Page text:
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Safeguard Your Conversations

Posted by on Nov 16, 2016

Years ago I was at a party and was talking to a couple I didn’t know. After the wife expressed an opinion different from her husband’s he said, “that’s a good point.” It struck me then because I was in a relationship where I pretty much felt steamrolled in conversations. Any time I thought differently about an issue or offered my point of view I was met with more of a lecture or reasoning why I didn’t know what I was talking about. I felt extremely misunderstood and so a lot of what I thought and felt I didn’t voice.

I’ve not only been in situations where I’ve been unable to contribute to conversations but also been the one to make it difficult for someone else to get a word in. If I’ve made my mind up on something it’s very hard for me to stay open and see more options and possibilities. If I think I know the answer and someone points out another way of approaching the problem it takes a lot of restraint to listen to what they have to say.

At some time or another during a conversation it’s easy to lack an openness to learning. And because conversations are fluid it means sometimes we’re going to be the one to shut the other out or the other will be the one that only allows conversations that fit their point of view.

Think for a minute about what getting defensive, lecturing, or shutting down a conversation does to someone. It can cause a person to become depressed, violent, agitated, unhappy, misunderstood, so frustrated they decide to leave.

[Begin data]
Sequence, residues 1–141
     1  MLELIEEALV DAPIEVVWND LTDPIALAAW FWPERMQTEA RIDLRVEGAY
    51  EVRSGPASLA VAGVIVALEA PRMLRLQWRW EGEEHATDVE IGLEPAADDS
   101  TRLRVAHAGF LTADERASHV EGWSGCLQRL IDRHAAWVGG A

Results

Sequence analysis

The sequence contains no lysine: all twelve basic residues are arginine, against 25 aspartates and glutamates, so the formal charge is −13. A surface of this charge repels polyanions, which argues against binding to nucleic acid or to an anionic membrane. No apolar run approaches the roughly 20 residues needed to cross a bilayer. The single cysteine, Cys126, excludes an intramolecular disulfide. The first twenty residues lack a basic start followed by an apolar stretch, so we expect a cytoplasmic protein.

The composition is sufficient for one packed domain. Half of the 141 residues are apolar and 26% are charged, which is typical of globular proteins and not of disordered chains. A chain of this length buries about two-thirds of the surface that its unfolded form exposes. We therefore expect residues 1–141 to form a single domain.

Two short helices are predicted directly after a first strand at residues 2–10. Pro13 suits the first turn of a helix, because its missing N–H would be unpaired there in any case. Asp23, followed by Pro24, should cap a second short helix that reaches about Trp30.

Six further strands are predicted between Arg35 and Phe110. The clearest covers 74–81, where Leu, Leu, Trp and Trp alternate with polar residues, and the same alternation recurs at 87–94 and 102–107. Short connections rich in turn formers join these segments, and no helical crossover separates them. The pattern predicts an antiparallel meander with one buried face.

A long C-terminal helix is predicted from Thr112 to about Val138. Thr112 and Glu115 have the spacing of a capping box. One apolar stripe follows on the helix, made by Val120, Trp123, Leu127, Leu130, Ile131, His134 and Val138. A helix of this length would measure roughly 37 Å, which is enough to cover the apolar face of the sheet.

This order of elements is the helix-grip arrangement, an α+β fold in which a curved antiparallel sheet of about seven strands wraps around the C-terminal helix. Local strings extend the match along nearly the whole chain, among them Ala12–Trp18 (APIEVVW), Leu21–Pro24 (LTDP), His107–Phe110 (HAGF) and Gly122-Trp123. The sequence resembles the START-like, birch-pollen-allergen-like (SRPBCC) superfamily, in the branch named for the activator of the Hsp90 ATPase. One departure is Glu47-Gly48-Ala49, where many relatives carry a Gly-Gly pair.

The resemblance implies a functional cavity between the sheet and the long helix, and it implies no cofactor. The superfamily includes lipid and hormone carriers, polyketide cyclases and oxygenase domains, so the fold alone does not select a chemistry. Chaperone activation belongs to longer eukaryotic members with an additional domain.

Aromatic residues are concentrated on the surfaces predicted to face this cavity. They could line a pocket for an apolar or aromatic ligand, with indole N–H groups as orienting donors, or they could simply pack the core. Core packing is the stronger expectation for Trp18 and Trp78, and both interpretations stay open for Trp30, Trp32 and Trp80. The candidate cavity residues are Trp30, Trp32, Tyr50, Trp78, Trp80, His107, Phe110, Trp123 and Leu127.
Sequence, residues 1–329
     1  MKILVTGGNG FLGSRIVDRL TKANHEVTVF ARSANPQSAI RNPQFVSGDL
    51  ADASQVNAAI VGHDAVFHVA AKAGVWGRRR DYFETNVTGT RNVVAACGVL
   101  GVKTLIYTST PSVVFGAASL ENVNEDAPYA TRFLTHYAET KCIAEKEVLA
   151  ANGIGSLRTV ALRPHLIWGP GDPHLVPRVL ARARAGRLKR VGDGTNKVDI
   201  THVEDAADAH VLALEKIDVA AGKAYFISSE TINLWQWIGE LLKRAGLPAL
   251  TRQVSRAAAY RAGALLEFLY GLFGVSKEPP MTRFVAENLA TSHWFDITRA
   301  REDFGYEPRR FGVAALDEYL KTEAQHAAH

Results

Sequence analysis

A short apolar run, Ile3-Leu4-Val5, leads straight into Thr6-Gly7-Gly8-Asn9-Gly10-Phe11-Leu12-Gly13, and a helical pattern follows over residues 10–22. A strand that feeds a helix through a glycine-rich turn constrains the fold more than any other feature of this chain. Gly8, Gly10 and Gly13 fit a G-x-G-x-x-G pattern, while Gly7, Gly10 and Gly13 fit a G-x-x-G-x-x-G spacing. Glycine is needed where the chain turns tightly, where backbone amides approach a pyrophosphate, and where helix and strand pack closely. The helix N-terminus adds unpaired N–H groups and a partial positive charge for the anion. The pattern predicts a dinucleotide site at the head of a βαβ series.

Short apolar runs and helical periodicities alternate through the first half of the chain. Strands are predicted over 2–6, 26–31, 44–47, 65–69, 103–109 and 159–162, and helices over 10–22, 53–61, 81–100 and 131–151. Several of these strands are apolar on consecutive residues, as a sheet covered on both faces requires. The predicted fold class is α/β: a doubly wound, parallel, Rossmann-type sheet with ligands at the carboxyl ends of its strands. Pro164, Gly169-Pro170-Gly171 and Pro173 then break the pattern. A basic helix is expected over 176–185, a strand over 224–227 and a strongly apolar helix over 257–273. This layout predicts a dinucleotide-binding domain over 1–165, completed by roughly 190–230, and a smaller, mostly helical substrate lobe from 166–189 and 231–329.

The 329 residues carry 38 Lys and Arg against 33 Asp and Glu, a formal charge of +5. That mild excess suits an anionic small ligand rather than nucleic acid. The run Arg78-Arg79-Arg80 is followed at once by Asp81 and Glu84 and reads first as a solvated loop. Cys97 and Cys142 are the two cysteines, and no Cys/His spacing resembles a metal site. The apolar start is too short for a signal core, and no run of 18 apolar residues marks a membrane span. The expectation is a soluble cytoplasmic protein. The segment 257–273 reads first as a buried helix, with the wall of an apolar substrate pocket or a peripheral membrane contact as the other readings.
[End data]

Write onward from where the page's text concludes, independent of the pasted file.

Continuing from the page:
If we want to feel calm, happy, and understood in our conversations what types of interactions make us feel this way?

When we are free to express ourselves and exchange ideas and thoughts we have room to breathe and stand in our value. When there is teamwork, synergy, and support in an interaction we leave that conversation feeling our contribution has been heard. It’s not about agreeing or disagreeing but about acknowledging – “that’s a good point.” “I hear what you’re saying.” “I never thought of it like that.” “Thanks for sharing that.”

by

  • understanding that each person’s perspective comes from the experiences they’ve had – that not one persons journey is the same. People think differently
  • not taking someone’s opinion personally
  • knowing that there isn’t one right way
  • slowing down and letting the other person contribute to the conversation
  • seeing every encounter as an opportunity to grow
  • knowing we don’t have to agree
  • knowing we don’t have to convince others of anything

we create a sense of safety in sharing thoughts and ideas.

 

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1 Comment

  1. mark
    January 3, 2017

    Refreshing thoughts on communication issues we all have to one degree or another..Since our parents and others formed our tapes… we learned most of our bad habits from others and that is not to blame but to understand. Having said that as a successful middle age business owner who needs to have positive and productive conversations more often than not, I am diving into your book “How to Communicate Like a Buddhist” Just started, but wish I had been well into it before my last love relationship ended….as I believe WE both made many mistakes in attempting to communicate.

    I do not know you but enjoy the way you are relating and saying things I have always thought and providing a roadmap to improvement.

    Mark M. Reed

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